Since I got one yesterday Article on Y-USB cables wrote, I had to research how fast USB 2.0 actually is compared to USB 3.0. When it comes to Y cables, there are those that support USB 2.0 and only a few that are compatible with the USB 3 standard. I would also like to clarify here whether and when this is important.

SanDisk SSD hard drive

If you use SSD storage devices like this one from SanDisk (which I use), you should make sure that the cable or the hub with which you connect the storage device to the computer also supports USB 3 (Photo: SanDisk).

When does the difference matter?

To me, USB 2.0 always sounds like an age-old standard that is insanely slow. But if you look at the speeds in comparison, USB 2.0 is not really slow with almost 40 MB per second (usable data rate).

This speed should easily be sufficient for DVD players and CD drives. But if you think of fast SSD memories that can transfer several hundred megabytes per second, you quickly understand why USB 3.0 support is perhaps the better choice after all. A USB 2 hub would mercilessly slow down an SSD and thus bring the entire performance to its knees.

Recommended reading: I already have a more general article on the differences between USB C, USB 3.1 and Thunderbolt 3 written, which might also be interesting in this context.

The USB Type C connection of the 12 inch Apple MacBook has the specification USB 3.1 Gen 1 and manages up to 10 GBit / s (Photo: Sir Apfelot).

The USB Type-C port of the 12 inch Apple MacBook from 2015 has the specification USB 3.1 Gen 1, which was then renamed USB 3.2 Gen 1. In practice, this USB standard achieves up to approx. 300 MB / s (Photo: Sir Apfelot).

USB spec speeds compared

But now finally to the actual content of the article, because after all we want to know how the speeds of the USB standards compare. This is the only way to decide whether a device that is only compatible with a certain standard is really fast enough for your own use.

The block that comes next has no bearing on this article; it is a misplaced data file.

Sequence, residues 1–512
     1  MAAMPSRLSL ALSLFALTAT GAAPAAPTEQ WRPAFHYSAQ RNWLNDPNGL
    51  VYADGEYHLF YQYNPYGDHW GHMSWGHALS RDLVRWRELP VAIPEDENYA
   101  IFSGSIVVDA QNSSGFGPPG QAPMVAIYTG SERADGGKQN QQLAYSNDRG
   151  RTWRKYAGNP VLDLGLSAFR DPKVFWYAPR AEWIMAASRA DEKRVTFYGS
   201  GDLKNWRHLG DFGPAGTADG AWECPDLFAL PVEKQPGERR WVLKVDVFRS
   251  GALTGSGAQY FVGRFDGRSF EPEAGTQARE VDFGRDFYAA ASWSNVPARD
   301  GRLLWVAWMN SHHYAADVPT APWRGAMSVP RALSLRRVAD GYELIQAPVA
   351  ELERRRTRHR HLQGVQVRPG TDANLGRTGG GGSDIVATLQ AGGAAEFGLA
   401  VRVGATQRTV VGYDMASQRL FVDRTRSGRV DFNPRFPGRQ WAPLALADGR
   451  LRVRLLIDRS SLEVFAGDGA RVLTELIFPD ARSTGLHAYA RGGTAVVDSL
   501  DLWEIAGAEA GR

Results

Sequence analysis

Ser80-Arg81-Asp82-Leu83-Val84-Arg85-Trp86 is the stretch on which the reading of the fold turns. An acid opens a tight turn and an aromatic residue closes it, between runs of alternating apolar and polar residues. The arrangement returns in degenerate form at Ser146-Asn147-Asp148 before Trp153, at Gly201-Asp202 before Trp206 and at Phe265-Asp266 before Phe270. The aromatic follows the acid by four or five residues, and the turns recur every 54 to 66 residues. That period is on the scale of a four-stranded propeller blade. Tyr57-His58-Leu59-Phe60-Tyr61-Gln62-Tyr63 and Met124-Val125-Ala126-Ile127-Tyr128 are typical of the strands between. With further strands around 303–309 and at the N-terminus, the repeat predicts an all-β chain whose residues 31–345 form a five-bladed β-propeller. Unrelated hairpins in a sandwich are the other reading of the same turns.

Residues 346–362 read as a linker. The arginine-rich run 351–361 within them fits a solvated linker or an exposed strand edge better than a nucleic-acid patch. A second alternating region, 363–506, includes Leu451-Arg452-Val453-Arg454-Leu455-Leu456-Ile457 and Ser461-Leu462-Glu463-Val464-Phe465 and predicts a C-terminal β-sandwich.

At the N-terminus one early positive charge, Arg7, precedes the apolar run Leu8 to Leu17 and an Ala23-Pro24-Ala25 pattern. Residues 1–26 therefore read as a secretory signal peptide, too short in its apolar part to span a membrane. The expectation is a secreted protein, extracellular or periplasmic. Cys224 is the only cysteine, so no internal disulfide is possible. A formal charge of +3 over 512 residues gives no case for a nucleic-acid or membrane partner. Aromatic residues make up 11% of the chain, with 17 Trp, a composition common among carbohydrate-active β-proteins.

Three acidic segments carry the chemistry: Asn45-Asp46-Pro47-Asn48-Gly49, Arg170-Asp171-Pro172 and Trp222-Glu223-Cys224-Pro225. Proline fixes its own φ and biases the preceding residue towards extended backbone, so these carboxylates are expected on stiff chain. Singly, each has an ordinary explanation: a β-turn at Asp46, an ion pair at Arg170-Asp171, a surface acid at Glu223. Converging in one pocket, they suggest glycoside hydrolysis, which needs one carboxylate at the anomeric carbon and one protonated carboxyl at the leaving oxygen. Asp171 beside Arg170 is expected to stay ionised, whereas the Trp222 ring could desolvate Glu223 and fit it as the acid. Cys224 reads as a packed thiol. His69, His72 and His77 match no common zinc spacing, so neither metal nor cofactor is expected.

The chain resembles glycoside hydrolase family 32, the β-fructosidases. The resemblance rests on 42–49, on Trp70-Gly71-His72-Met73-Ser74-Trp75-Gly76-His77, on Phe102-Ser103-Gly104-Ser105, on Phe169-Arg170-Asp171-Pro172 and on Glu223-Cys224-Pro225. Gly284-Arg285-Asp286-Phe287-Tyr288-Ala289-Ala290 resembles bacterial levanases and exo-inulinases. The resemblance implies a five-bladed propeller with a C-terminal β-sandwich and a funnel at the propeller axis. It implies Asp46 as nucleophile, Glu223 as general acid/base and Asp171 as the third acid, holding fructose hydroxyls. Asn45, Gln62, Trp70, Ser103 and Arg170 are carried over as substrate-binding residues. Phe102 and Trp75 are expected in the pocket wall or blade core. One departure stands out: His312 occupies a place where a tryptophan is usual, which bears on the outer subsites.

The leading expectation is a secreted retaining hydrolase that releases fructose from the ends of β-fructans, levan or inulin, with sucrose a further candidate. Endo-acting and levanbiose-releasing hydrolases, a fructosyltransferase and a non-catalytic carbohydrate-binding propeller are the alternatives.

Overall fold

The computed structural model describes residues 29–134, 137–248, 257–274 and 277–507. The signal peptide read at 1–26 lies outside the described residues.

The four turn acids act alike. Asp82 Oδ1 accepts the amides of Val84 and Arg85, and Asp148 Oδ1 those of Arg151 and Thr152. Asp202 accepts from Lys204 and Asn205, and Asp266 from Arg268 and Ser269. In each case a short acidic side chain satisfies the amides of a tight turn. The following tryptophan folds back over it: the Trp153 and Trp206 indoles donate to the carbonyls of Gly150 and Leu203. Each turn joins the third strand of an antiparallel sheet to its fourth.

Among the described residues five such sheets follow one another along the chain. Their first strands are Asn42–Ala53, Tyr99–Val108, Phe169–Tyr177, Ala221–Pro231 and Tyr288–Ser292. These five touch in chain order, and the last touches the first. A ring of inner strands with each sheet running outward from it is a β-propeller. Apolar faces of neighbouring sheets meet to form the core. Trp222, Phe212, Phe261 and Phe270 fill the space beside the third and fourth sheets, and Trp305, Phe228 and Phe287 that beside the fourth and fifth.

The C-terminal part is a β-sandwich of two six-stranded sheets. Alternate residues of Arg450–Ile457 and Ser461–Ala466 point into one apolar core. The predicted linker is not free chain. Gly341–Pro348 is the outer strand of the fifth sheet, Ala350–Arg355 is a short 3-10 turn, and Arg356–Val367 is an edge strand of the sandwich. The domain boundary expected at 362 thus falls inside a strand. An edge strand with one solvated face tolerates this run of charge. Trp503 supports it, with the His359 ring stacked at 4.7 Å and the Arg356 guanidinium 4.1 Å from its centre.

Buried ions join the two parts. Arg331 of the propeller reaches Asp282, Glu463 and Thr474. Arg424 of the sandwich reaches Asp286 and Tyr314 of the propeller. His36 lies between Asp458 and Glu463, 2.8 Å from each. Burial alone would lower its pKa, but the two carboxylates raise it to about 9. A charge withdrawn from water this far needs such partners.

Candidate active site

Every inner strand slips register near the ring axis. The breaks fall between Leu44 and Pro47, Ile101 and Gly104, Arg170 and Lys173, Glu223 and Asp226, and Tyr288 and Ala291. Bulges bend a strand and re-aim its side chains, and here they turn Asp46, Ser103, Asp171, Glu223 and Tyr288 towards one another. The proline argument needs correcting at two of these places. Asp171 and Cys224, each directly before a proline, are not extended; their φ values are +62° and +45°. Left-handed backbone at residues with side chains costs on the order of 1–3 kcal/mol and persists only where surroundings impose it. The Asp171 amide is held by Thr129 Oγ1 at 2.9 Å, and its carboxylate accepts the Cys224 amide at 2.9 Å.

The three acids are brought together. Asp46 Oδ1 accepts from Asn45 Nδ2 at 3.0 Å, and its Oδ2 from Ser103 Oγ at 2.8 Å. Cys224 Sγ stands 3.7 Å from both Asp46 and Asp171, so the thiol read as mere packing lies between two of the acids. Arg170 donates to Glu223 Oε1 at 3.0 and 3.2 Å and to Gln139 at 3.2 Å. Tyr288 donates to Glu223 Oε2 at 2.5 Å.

Theoretical speeds and practical values

The information that can be found in the specifications relates to theoretical values ​​(gross data rate), which of course cannot be achieved in practice. In order to have a better comparison, I am listing the theoretical value and a practical value, which is also referred to as the net data rate.

I have the practical values Wikipedia taken from where you can find this note:

Real achievable net data rates are at least 30 percent, but mostly 45 percent below the gross data rate (real measurements on USB 2.0 systems).

With the data from Wikipedia and some information from other websites, the following table with the net and gross data rates was created.

USB specificationData rate theoryData rate practice
USB 1.01,5 MB / s1,0 MB / s
USB 2.060 MB / s40 MB / s
USB 3.2 Gen 1625 MB / s300 MB / s
USB 3.2 Gen 21.250 MB / s900 MB / s
USB 3.2 Gen 2x22.500 MB / s1.800 MB / s
USB 45.000 MB / sapprox. 2.750 MB / s

Note on the designations:

  • USB 3.2 Gen 1 was formerly also known as USB 3.0 or USB 3.1 Gen 1.
  • USB 3.2 Gen 2 was formerly known as USB 3.1 Gen 2.
The USB-C connection has a few mechanical disadvantages, but it has technical advantages!

The new USB 4 standard uses the well-known USB-C type as the connector type that has been found on Apple Macs for a long time (Photo: Sir Apfelot).

Short trip to USB 4

Incidentally, USB 4 is the successor to USB 3.2 and Thunderbolt 3 and should finally be a standard that is supported equally by PCs and Macs. The first products that support USB 4 cannot be expected until the end of 2020. If you want to find out more about the specifications of USB 4, you will find it here in my post on the subject.


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